Some workers may face higher state taxes if they worked from home

In a typical tax filing season, state taxes take a back seat to federal returns for Lewis Taub, a tax professional in New York.

But for 2020, state taxes are causing headaches — and potentially costing money — for many of his clients who became remote employees during the pandemic, working from home in a state that's different from where their office is located. Which state gets to tax their income isn't always clear cut.

"It's becoming almost a cottage industry," Taub, a certified public accountant and New York director of tax services at Berkowitz Pollack Brant Advisors, told Yahoo Money.

Many states have yet to issue guidance on how remote workers should be taxed on their income in an unusual year where WFH became the norm. That could leave some workers facing higher state income taxes than they're used to, or potentially getting double-taxed by states reluctant to let go of potential revenue.

Here's what's at stake.

'How you file will totally depend state by state'

One of Taub's clients who relocated to Florida a few years ago found himself moving to and working from his second home in the Hamptons in New York last summer when COVID cases in the south were surging. He ended up staying in the New York home past the summer, triggering some tax confusion.

"Is some of his income subject to New York tax now?" Taub said. "Have they re-established their New York state residency?"

Another client who regularly worked in a New York office, but has been working from his Connecticut home since March, faces potential double taxation on his income. That's because New York taxes income of nonresident workers whose primary office is in the state, regardless if they telecommuted. But Connecticut hasn't established whether the employee is subject to its state tax.

This is not a question everywhere because some states have issued emergency tax guidance to head off the issue.

"A lot of localities said we’re going to give employees a pass and continue to withhold as if people were going to their work," Kathy Pickering, H&R Block’s chief tax officer, told Yahoo Money. "In some areas, there was temporary guidance given. In a number of localities, it’s a non-issue because states have reciprocity."

These reciprocal agreements, usually between neighboring states, allow residents of one state to ask for an exemption from the other state's withholding, so the resident can avoid filing two state tax returns. But a handful of states have laws that tax employees based on their employer's location, like New York.

"If you live and work in a different state, how you file will totally depend state by state," Pickering said. "And some states have put out specific instructions on how to handle it and some have not."

New Hampshire vs. Massachusetts

The Supreme Court may end up ruling on the matter, thanks to a lawsuit filed by New Hampshire in October after Massachusetts required New Hampshire residents to pay Massachusetts income taxes if they normally commuted to the state to work.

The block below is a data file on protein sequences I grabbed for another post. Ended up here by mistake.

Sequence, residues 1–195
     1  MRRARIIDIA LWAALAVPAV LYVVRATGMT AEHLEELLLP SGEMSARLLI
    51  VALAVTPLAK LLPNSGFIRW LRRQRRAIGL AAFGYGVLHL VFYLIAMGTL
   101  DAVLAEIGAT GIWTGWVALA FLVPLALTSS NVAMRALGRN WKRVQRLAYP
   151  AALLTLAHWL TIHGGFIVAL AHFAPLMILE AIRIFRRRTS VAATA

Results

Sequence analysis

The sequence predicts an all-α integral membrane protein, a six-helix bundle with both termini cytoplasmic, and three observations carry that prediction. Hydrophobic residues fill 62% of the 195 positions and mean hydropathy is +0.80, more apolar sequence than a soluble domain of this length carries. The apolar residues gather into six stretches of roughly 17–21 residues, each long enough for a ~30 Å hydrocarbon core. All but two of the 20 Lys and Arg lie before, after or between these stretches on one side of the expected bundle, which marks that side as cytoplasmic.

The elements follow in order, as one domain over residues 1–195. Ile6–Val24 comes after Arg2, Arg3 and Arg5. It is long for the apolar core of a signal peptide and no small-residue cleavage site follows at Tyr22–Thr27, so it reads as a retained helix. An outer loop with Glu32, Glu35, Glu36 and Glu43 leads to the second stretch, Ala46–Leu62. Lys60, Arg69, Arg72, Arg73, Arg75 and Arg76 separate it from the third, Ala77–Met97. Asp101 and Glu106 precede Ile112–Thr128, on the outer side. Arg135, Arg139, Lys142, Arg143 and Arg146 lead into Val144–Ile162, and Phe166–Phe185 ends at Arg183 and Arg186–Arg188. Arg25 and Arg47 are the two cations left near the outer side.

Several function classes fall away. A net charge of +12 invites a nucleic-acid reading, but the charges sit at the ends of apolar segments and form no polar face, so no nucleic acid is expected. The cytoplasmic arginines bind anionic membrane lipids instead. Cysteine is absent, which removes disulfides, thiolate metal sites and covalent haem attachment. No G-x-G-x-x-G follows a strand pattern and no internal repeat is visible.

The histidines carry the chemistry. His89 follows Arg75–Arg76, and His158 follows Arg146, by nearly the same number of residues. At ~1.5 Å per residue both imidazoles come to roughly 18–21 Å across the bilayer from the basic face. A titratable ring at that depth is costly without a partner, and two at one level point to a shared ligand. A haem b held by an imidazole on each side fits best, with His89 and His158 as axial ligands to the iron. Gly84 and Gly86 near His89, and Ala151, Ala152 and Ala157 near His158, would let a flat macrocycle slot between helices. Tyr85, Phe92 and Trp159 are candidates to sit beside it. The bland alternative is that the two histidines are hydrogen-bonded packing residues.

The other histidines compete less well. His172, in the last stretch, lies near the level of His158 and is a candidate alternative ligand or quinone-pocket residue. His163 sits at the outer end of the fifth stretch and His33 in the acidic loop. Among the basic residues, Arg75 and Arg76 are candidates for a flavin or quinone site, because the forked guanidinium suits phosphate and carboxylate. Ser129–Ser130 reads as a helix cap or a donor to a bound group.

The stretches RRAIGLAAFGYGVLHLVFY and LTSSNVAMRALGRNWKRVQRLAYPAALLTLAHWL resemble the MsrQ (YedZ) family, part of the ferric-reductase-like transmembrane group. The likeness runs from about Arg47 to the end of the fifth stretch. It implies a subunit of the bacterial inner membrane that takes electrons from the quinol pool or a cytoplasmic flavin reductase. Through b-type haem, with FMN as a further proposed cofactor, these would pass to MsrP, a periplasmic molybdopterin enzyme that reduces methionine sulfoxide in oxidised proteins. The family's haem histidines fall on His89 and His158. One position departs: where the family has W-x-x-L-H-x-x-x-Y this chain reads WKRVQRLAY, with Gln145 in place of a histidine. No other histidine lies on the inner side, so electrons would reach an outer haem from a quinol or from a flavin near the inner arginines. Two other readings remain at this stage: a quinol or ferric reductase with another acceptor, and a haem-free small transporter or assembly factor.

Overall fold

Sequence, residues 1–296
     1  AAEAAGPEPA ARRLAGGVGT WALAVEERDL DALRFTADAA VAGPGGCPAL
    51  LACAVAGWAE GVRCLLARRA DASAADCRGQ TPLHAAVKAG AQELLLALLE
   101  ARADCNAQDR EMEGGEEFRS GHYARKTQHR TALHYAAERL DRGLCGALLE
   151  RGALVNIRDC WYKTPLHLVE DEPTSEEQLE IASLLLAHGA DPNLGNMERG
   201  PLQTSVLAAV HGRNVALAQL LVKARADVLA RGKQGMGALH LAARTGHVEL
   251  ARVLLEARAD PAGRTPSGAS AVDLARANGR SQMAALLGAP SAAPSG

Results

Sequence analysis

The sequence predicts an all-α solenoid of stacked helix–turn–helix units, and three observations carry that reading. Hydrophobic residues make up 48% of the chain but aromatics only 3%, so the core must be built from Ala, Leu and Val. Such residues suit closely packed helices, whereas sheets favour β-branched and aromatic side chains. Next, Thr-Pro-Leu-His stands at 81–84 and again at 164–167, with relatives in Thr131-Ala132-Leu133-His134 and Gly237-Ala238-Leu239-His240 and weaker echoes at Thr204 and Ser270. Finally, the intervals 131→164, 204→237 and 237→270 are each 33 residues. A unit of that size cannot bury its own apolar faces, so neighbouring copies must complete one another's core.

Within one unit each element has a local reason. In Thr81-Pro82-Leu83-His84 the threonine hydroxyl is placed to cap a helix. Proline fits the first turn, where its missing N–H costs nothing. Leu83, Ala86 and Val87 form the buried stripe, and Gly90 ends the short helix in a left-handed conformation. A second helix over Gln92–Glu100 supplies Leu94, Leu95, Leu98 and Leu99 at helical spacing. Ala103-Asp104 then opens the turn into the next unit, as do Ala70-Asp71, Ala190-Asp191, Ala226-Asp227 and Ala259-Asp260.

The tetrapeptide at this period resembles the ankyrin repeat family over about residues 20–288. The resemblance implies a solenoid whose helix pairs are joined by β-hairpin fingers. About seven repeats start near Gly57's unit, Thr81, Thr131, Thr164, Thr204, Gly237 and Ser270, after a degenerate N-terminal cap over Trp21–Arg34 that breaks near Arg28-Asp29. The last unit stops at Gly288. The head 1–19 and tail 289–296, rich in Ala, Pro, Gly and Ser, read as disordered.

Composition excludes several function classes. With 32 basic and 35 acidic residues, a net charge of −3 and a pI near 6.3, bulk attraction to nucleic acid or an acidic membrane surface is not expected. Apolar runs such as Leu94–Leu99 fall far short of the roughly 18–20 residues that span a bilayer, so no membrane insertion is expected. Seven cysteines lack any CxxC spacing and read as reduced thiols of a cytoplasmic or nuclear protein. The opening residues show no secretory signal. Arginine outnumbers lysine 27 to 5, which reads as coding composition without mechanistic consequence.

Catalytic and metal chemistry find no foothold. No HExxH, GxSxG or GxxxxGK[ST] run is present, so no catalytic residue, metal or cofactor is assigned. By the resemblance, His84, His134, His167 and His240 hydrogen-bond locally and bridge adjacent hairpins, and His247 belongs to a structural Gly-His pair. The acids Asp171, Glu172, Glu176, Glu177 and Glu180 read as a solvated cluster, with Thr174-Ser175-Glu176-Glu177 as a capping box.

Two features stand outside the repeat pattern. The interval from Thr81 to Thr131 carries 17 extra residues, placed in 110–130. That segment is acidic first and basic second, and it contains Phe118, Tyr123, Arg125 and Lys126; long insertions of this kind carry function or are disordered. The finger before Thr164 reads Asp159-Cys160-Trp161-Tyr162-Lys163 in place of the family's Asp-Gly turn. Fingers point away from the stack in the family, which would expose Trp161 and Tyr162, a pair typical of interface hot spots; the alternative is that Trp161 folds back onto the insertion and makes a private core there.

New Hampshire, which taxes only interest and dividend income, sued Massachusetts in the Supreme Court for what it called an "unconstitutional tax grab."

"New Hampshire has no choice but to seek relief in our Nation’s highest court," New Hampshire Gov. Chris Sununu said in the press release then. "Massachusetts cannot balance its budget on the backs of our citizens and punish our workers for working from home to keep themselves, their families, and those around them safe."

Fourteen states have filed amicus briefs supporting New Hampshire. It remains unclear when the Supreme Court will take up the case.

'This is a gray area'

In the meantime, tax pros like Taub must file state taxes in a guidance vacuum before the state tax deadlines come up.

"We’re taking positions on the return," he said.

For instance, he's not double-taxing the client who lives in Connecticut but whose employer is based in New York. For the client who moved temporarily to his second home in New York, it depends on how long he stayed there. If you live in the state for at least 183 days in a year, New York considers you a statutory resident, subject to New York state income tax.

"Each state has their own rules that could put you in the teeth of their residency rules," Taub said.

Other states have tougher residency rules, meaning you need to register with the state DMV, have the majority of your assets located in the state, or some other requirement. Fortunately, your employer may do the hard work for you, according to Greg Kling, lecturer of accounting at USC Leventhal School of Accounting and Marshall School of Business.

"If you're working for a company — especially one that, let's say, is multi-state — they're most likely going to make the determination of where you should be paying state tax," Kling recently told Yahoo Finance (video above). "The difficulty comes in when you're a freelancer [or] an independent contractor, figuring out where you're working, who you owe the state tax to."

Kling, Pickering, and Taub recommend that taxpayers who worked in a different state than pre-pandemic times pay a tax professional to deal with these new challenges.

"A regular Joe sitting in Connecticut with an office in New York has to be very careful how he or she files his or her state tax returns" Taub said. "Because this is a gray area and you may not be able to do what was done in prior years."

Janna is an editor for Yahoo Money and Cashay. Follow her on Twitter@JannaHerron.

Read more:

  • Housing: FOMO is fueling a homebuying surge that could become ‘a curse’

  • Taxes: What you can actually deduct after working from home for most of 2020

  • Biden extends mortgage relief protecting struggling homeowners

Read more personal finance information, news, and tips on Cashay

Source: Read Full Article